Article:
Calculated Risk vs Mish: Demographics Good for Housing?

Are demographic trends good for housing? Here are two views.

In Largest 5-year cohorts, and Ten most Common Ages in 2017 Calculated Risk noted "The younger baby boom generation dominated in 2010. By 2017 the millennials have taken over. And by 2020, the boomers are off the list."

He concluded "My view is this is positive for both housing and the economy, especially in the 2020s."

Color Coding

To judge that assessment, I took Calculated Risk's table and color coded it.

  • Red: Not Buying
  • Yellow: Likely Cannot Afford to Buy
  • Green: Potential First Time Buyers

2030 is too far away to make an assessment. Too many things can happen. Instead, let's discuss the next five years or so, using the middle column as our guide.

Synopsis

  • There is a favorable shift from cohorts 4-5 to chorts 2-3.
  • The first "not buying" cohort jumps from cohort 7 to cohort 4.
  • There were three "not buying" groups in 2017 but there are four in 2020.
  • There was a favorable shift from "cannot afford" from 2017 to 2020.

On the surface, the demographic trends may appear neutral or slightly favorable. However, I was pretty lenient with the green, potential first-time buyers.

Given housing price trends, most 25-29 cannot afford a house now and unless there is a price crash, those conditions will not change in the next five years.

Also, attitudes towards family formation and mobility have changed.

Finally, as boomers die off, millennials will inherit their parents homes. This will put a supply of homes up for sale, at a clear impact to prices.

For now, and the next five years, attitudes and affordability are the key issues. They far outweigh any potential demographic benefit, if any.

Home Buyer's Dilemma

The only way that changes in the next five years is is housing crashes. And if that happens, what happens to jobs and wages?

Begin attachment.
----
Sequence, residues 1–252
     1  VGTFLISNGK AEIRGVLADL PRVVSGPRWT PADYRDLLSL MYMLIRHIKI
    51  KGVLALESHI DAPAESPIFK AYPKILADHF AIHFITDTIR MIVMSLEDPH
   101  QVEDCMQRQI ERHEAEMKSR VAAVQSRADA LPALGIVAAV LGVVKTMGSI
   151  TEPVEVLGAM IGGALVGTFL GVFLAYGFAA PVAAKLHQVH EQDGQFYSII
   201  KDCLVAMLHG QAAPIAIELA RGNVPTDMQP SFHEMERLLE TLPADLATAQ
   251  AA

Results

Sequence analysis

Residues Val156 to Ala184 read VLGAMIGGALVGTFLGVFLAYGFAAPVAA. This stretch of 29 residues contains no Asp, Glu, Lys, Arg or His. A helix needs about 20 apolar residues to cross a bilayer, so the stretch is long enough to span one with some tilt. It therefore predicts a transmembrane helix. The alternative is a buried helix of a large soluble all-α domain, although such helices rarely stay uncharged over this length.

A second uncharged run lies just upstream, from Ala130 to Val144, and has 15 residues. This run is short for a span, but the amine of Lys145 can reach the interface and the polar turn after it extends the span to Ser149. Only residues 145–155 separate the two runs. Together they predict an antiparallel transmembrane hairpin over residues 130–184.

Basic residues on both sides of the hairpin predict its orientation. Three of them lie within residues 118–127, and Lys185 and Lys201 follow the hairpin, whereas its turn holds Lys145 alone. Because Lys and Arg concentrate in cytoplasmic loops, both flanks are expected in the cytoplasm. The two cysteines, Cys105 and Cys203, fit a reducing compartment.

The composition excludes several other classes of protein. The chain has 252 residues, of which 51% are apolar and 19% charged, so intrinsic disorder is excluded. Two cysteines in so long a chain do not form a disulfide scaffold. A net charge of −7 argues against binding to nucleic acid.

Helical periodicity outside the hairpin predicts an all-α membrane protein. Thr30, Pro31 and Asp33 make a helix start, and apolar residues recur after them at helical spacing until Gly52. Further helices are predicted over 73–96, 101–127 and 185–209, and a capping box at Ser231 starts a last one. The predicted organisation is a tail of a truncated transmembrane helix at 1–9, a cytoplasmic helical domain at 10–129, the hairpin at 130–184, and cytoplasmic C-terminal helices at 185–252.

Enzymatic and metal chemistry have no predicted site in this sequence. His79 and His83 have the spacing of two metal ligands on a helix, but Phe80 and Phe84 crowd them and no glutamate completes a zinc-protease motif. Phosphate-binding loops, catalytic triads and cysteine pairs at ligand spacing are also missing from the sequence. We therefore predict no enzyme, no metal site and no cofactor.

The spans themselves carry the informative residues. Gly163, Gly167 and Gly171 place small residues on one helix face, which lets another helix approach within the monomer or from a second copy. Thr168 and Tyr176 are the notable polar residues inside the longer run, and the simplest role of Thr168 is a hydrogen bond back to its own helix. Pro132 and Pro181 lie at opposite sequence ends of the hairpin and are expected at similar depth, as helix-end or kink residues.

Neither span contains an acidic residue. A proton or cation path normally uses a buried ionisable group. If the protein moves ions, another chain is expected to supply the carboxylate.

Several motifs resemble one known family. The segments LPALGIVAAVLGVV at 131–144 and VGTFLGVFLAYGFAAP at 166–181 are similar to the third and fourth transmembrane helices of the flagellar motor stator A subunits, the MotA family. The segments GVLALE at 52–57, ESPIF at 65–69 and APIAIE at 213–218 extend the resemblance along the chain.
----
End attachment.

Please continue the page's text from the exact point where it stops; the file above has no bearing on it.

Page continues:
Mike "Mish" Shedlock

Comments (24)
No. 1-24
shamrock
shamrock

The larger trend may be the continuing migration from rural to urban/suburban and to some extent from state to state which will pressure home prices in cities.

AWC
AWC

Porous borders will continue to keep housing in demand. And one can't assign accurate numbers to "illegal" immigration. One could venture a guess that there are at least tens of millions of Mexicans and South Americans who will find their way here, if they can. Politicians will help them along, because "Growth" you know? Votes, too. They see what's happening to Japan, and won't let it happen here. All this BS about walls is ridiculous. Hell, the .gov can't even keep drugs out of Prisons, let alone prevent people crossing borders.

Carl_R
Carl_R

A small problem with your chart, Mish. I doubt that the 5-9 year olds in 2030 will be first time buyers.

Grumblenose
Grumblenose

The rankings don't really indicate much. What matters is the actual numbers in each cohort.

Runner Dan
Runner Dan

"My view is this is positive for both housing and the economy, especially in the 2020s." Yes, younger people becoming over indebted to purchase wood on dirt on which they will be taxed yearly will be good for the economy – if your interests are aligned with bankers. Otherwise the truer statement is that if every millennial decided housing was another scam perpetrated by the older generation (like healthcare and education) and rather decided to spend their meager discretionary savings on exercise equipment and/or other low budget fortifying activities (perhaps developing another skill set through an online class), THAT would be better for the economy!